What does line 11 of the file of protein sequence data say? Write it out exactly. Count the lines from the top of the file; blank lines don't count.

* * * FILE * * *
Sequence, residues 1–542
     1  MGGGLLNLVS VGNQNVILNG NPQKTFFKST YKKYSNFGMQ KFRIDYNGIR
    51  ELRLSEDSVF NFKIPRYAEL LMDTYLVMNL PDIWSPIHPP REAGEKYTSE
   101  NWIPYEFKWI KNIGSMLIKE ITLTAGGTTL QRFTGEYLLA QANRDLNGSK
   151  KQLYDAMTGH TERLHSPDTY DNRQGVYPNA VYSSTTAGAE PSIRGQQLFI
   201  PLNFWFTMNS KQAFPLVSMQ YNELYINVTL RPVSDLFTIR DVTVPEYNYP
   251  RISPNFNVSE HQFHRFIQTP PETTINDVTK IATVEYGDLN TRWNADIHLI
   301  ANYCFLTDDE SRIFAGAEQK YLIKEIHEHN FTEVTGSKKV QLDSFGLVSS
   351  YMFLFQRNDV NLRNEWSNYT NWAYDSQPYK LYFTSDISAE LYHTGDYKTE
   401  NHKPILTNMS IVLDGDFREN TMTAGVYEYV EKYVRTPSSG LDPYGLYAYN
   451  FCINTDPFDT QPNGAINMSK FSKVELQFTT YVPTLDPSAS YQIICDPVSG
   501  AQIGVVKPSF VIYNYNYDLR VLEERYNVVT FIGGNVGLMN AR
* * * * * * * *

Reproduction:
   451  FCINTDPFDT QPNGAINMSK FSKVELQFTT YVPTLDPSAS YQIICDPVSG